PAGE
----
Charges have been dropped against a man who said he was unarmed when he was beaten by law enforcement officers and bitten by a police dog while trying to cross the street in Raleigh on April 3.
The Wake County Sheriff's Office had charged Kyron Dwain Hinton, 29, with disorderly conduct, resisting a public officer and assault on a law enforcement animal.
On Monday, prosecutors dropped the three misdemeanor charges.
Wake County District Attorney Lorrin Freeman said last month that she had asked the State Bureau of Investigation to look into what happened that night, when Raleigh police officers and Wake County sheriff's deputies interacted with Hinton.
Sign Up and Save
Get six months of free digital access to The News & Observer
Freeman declined to comment Wednesday.
Hinton has said he left a sweepstakes parlor around 10:30 p.m. April 3 and was headed to downtown Raleigh when police stopped him on an East Raleigh street.
"I was angry," he said in an interview last month, adding that he didn't know why he was stopped. "I didn't say I wasn't, and I was moving my arms and hands from side to side, but not with a threatening action."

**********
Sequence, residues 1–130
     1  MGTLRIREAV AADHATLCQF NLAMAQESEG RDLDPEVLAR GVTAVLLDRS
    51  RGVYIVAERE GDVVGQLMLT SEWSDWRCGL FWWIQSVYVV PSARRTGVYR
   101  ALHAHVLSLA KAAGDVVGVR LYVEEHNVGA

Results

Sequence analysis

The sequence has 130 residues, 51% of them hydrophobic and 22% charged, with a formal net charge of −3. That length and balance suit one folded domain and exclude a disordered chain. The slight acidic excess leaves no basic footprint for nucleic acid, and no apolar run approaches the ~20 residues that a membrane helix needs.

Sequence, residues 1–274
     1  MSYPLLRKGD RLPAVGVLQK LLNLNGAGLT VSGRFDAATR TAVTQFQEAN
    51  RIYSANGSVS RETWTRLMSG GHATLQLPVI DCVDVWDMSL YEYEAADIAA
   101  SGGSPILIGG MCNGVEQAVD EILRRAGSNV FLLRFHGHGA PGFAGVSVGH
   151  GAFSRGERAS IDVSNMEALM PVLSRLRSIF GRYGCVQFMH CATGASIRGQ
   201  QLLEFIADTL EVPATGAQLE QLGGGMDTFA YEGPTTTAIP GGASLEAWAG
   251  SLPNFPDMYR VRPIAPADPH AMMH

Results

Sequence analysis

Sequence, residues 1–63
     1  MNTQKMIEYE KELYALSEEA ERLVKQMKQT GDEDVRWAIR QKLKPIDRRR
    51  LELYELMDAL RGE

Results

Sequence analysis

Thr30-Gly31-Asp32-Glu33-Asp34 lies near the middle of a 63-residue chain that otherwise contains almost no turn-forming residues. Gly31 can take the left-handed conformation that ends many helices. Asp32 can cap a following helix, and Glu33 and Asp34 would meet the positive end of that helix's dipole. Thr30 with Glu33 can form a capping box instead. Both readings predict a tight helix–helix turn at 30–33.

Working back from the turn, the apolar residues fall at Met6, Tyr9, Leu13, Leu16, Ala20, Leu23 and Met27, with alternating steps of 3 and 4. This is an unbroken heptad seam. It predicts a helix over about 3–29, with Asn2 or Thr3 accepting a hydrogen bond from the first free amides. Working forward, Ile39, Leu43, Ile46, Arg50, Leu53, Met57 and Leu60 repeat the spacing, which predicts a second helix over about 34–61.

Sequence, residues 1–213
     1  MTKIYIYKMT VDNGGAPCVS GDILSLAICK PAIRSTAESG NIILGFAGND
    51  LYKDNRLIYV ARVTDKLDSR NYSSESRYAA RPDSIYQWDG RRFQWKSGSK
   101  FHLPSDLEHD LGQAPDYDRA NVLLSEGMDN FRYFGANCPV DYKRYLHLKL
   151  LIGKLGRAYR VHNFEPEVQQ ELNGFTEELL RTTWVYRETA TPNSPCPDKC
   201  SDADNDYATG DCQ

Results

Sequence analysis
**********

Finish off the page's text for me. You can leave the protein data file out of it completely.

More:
Deputies said Hinton had been “engaging in violent conduct" and "creating the threat of imminent fighting and violence,” and accused him of ignoring commands to get on the ground.
Additionally, Hinton was accused of striking a Wake County Sheriff's Office K9, Loki, in the face.
"They let the dog sniff my crack. I thought he was going to mess with my privates,” Hinton said. "I didn't hit nobody. I didn't grab nobody. I really couldn't."
An arrest warrant says Hinton implied that he had a gun by pointing his hand in the air as if he held a firearm.
Hinton spent three days at WakeMed for treatment of injuries he described as a fractured eye socket, a broken nose and about 20 bites. After leaving the hospital, he was transported to the Wake County jail under a $3,000 bail.
"We take this matter extremely seriously and are working diligently to move that investigation forward in a timely manner," Freeman said April 24 by email. "Our immediate focus is on protecting the integrity of the investigation. As with all of these types of investigations, we understand the intense interest from the public, and will make every effort to release information, including video in the possession of law enforcement, that can be shared without undermining the investigation or any potential prosecution."